American Airlines: Always a “Leader”

Buried in all the political news the other day was an announcement from American Airlines that they will no longer be offering first class service on some of their long-haul flights. A spokesman for the airline offered a very sensible reason for the decision: “Our customers aren’t buying it.” 

I am by no means an expert on First Class air travel . . . at least as it has evolved in recent years. In a less complicated time, first class just meant bigger seats and better food. That made sense and everyone understood that was how it worked.

But within the past couple of decades, First Class has been unofficially re-defined as “extravagant” or “For the Very Rich Only.”  Depending on the airline, first class on long haul international flights has come to mean private compartments, elaborate meals, expensive wines . . .  all at a cost per person that is far out of reach for 99-percent of the traveling public. (Note, please: I am not referring to Business Class, which offers wider seats, much better food and is actually very much like a First Class experience from 25 or 30 years ago.)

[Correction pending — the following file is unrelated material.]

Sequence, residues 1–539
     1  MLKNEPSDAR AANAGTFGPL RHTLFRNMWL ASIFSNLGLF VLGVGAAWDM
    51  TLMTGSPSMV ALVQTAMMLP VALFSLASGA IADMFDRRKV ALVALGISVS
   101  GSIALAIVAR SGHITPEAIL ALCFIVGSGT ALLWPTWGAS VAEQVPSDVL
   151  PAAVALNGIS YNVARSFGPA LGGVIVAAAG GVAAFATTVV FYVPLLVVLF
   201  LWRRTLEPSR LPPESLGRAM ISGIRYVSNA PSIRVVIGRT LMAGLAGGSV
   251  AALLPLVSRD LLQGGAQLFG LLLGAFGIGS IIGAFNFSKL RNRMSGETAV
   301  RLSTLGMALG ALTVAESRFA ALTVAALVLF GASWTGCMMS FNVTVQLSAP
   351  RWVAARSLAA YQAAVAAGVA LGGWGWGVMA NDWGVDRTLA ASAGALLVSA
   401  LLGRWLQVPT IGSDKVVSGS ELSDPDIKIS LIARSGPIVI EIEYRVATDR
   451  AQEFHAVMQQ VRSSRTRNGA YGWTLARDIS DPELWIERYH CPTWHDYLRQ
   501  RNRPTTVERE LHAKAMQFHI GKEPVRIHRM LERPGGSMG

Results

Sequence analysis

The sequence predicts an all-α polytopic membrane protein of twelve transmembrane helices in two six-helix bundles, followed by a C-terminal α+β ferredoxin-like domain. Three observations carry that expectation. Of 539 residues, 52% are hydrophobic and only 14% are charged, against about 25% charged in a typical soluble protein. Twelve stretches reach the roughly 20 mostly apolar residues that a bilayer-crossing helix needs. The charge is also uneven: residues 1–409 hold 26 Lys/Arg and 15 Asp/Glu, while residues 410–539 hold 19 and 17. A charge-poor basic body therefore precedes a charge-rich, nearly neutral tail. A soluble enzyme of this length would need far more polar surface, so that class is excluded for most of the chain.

As the veteran of more hours at 30,000 feet than I care to remember, I’d like to urge the airlines to adopt a new, improved First Class service that’s available for all passengers at no additional cost. It consists of just two improvements that will make flying something other than an ordeal for 98-percent of your passengers: 

1. An extra four inches of leg room for all passenger. 

2. Something to eat that’s reasonably healthy and tastes good.  

How’s that for a marketing strategy!

Oh! One more thing: Please stop referring to me as your “customer”.  If I order a salami-on-rye and an iced tea, I’m a customer. But when I am being flown to Paris at 500 miles-an-hour,  I’m not a customer; I am a passenger.